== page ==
Legal challenges expected after EPA re-authorizes controversial weed-killing herbicide dicamba

farmers chance use dicamba
This article or excerpt is included in the GLP’s daily curated selection of ideologically diverse news, opinion and analysis of biotechnology innovation.

Farmers can use the pesticide dicamba to clear fields of stubborn weeds for two more growing seasons after the EPA on Oct. 31 extended the temporary approval of new versions of the chemical, which is prone to drifting off-field.

Dicamba, a 1960s-era weedkiller, was reformulated and sold under a new label by Monsanto Co., BASF SE, and DowDupont [in 2017] to help farmers fight weeds that no longer die with common herbicides.

“EPA understands that dicamba is a valuable pest control tool for America’s farmers,” Andrew Wheeler, acting administrator of the Environmental Protection Agency, said in a statement ….

The agency said it is reducing the number of applications allowed for cotton from four to two, but makes no change for dicamba’s use on soybeans. Only certified applicators may apply dicamba “over the top”—a reference to applying a chemical to growing plants, the EPA said. Buffers will also be required on all sides of fields where endangered species may exist, instead of only on the downwind side, the EPA said.

Related article:  Arkansas bans dicamba herbicide use until fall following more than 1,000 crop damage complaints

Judges are mulling a lawsuit challenging the EPA’s approval of Monsanto’s Xtendimax herbicide. Four nonprofit organizations have sued the agency for violating the Federal Insecticide, Fungicide, and Rodenticide Act and the Endangered Species Act in National Family Farm Coalition v. EPA.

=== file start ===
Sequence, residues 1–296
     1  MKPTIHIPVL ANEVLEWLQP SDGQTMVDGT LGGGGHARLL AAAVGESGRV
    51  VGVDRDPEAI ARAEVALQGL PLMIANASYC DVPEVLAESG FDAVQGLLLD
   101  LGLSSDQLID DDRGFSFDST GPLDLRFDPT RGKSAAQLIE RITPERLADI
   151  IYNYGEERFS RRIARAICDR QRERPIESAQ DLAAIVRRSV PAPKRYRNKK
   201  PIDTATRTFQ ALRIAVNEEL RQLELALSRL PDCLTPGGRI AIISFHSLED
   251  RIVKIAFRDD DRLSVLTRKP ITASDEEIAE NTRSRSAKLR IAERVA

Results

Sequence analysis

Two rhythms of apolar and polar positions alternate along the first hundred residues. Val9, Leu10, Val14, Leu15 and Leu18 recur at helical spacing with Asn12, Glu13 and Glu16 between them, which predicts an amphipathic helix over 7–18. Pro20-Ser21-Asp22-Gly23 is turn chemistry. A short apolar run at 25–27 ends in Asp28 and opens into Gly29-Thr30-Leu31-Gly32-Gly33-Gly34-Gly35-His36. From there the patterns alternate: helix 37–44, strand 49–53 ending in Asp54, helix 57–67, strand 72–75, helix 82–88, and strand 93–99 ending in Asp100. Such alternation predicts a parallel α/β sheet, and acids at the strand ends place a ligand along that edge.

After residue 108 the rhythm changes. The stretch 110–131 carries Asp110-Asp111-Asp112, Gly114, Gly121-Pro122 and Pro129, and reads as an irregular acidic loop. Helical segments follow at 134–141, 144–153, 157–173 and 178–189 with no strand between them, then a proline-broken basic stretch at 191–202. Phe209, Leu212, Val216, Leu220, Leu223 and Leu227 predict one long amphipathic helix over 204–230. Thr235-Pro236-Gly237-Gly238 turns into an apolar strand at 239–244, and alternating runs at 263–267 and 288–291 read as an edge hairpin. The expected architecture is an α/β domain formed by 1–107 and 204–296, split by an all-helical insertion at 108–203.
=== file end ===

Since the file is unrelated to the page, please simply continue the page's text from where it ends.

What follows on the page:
Read full, original article: Farmers Can Use Dicamba At Least Two More Years, EPA Says (Behind Paywall)

Outbreak Daily Digest
Biotech Facts & Fallacies
Talking Biotech
Genetics Unzipped
sperm swim

Video: Sperm are ‘spinners not swimmers’—because they are lopsided

Research by fertility scientists in the UK and Mexico challenges the accepted view of how sperm “swim”, suggesting that it ...
mag insects image superjumbo v

Disaster interrupted: Which farming system better preserves insect populations: Organic or conventional?

A three-year run of fragmentary Armageddon-like studies had primed the journalism pumps and settled the media framing about the future ...
dead bee desolate city

Are we facing an ‘Insect Apocalypse’ caused by ‘intensive, industrial’ farming and agricultural chemicals? The media say yes; Science says ‘no’

The media call it the “Insect Apocalypse”. In the past three years, the phrase has become an accepted truth of ...
breastfeeding bed x facebook x

Infographic: We know breastfeeding helps children. Now we know it helps mothers too

When a woman becomes pregnant, her risk of type 2 diabetes increases for the rest of her life, perhaps because ...
biotechnology worker x

Can GMOs rescue threatened plants and crops?

Some scientists and ecologists argue that humans are in the midst of an "extinction crisis" — the sixth wave of ...
food globe x

Are GMOs necessary to feed the world?

Experts estimate that agricultural production needs to roughly double in the coming decades. How can that be achieved? ...
eating gmo corn on the cob x

Are GMOs safe?

In 2015, 15 scientists and activists issued a statement, "No Scientific consensus on GMO safety," in the journal Environmental Sciences ...
Screen Shot at PM

Charles Benbrook: Agricultural economist and consultant for the organic industry and anti-biotechnology advocacy groups

Independent scientists rip Benbrook's co-authored commentary in New England Journal calling for reassessment of dangers of all GMO crops and herbicides ...
Screen Shot at PM

ETC Group: ‘Extreme’ biotechnology critic campaigns against synthetic biology and other forms of ‘extreme genetic engineering’

The ETC Group is an international environmental non-governmental organization (NGO) based in Canada whose stated purpose is to monitor "the impact of emerging technologies and ...
Share via
News on human & agricultural genetics and biotechnology delivered to your inbox.
Optional. Mail on special occasions.
Send this to a friend